Suzanne Anton must live in some kind of parallel universe.
I think I snorted out loud at her assertion Saturday, at a so-called debate on the upcoming proportional representation referendum, that politics in B.C. isn’t … wait for it … political; that our system now isn’t party-driven but that under proportional representation will be.
One of her main arguments for keeping the current first-past-the-post electoral system is that MLAs, gol’ durn it, are good hard-working people who are non-partisan, through-and-through, especially when it comes to constituency work. OK, they are hard-working and they do lobby for their constituents, but to suggest the party they represent doesn’t call the shots is more than just laughable, it’s insulting to the intelligence of British Columbians.
Then she gleefully asserted that under a proportional representation we’ll be “giving up,” some of those “hard-working” MLAs. In Anton’s parallel universe, MLAs elected by proportional representation, for some reason, won’t work for their constituents.
She followed the No side playbook of fear-mongering, suggesting that people from the Lower Mainland, chosen by the party, will be parachuted into ridings like Prince George.
“No matter which of the three systems is chosen, there will still be some local representatives, but in order to achieve that blissful state of proportionality, which the ‘yes’ people want to achieve, you get people fed in,” Anton said. “You know where they’re fed in from? They’re fed in from party lists. Those lists are created in party headquarters, probably in Vancouver.”
Peter Ewart, arguing for the ‘Yes’ side repeatedly said said Anton was telling “fairy tales.” He was being kind. I think I would have been saying she was outright lying.
British Columbians are being asked to rank three proportional representation systems – mixed member proportional, dual member proportional, and rural-urban split. Only mixed member proportional uses a list to top up MLAs and all three parties have stated they prefer those lists to be regional. In other words, a top up MLA for the North won’t come from Vancouver and vice versa. Anton should know that.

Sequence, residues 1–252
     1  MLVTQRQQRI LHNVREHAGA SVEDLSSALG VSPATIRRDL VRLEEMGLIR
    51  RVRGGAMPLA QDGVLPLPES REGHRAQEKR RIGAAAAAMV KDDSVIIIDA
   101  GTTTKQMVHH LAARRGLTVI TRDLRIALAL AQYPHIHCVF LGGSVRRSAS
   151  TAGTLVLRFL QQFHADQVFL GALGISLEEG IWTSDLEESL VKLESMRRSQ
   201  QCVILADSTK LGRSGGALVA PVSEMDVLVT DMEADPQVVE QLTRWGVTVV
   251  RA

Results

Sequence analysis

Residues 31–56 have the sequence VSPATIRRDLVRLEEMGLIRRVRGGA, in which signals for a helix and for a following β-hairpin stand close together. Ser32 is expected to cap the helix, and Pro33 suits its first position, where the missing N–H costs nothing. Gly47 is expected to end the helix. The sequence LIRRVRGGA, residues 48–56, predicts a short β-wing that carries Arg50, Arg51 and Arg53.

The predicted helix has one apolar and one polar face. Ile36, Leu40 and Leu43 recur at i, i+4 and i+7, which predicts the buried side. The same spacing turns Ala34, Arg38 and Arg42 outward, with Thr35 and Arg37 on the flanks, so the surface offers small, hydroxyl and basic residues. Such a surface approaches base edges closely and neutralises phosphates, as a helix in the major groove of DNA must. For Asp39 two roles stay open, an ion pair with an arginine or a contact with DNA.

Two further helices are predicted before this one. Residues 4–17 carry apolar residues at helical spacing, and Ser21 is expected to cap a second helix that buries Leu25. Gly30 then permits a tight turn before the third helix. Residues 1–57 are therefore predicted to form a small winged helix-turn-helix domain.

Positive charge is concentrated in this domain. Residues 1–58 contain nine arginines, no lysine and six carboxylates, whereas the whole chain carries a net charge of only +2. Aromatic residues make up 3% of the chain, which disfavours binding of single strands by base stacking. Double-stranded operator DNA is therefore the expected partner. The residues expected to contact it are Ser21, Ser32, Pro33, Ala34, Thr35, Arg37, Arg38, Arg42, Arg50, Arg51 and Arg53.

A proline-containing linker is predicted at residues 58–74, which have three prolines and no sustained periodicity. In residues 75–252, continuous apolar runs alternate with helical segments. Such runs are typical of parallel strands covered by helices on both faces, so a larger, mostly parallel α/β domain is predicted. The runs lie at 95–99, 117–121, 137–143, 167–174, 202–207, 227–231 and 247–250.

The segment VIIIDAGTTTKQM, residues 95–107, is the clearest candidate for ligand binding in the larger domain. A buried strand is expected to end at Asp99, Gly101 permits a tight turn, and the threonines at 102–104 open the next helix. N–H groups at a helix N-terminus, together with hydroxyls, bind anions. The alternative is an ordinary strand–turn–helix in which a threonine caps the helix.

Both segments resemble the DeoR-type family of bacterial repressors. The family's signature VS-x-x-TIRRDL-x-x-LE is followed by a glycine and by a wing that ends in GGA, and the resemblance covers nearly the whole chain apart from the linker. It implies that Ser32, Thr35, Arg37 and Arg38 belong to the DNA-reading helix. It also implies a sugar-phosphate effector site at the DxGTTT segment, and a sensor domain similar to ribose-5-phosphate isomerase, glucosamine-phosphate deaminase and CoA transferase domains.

Dual member proportional elects two MLAs for each riding and both of them will have been on the ballot for that riding. Rural-urban split uses a single transferable vote in urban areas, which is a ranked balloting system and, once again, all MLAs who are elected to create proportionality will have been on the ballot in that riding. Once again, no party hack swooping in from LotusLand to toe the party line. We have local MLAs who can toe the party line just fine, thank you very much.
Anton, and the No side, should know all this. I think they do, but are choosing to ignore the facts in order to preserve the status quo, which is a system that works pretty well for the Liberals and no one else.
I don’t begrudge anyone arguing to keep the first-past-the-post system (I’ve been having some good discussions on Facebook) as long as the arguments are based in fact. Nechako Lake MLA John Rustad had his hand up to ask a question at the forum, but they didn’t get to him. Because he posted later on Facebook, I suspect he was going ask a question or make a comment about the lack of electoral maps.
That is a legitimate issue and concern. I would prefer to debate that rather than listen to tripe that our current system isn’t party driven and that under first-past-the-post MLAs don’t report to the party first.
Saturday’s debate, which failed to give any explanation of how the three proportional representation systems work or probe the debaters’ knowledge of the systems any deeper than “one good, other bad,” was interesting but likely didn’t help anyone make up their mind about the upcoming referendum.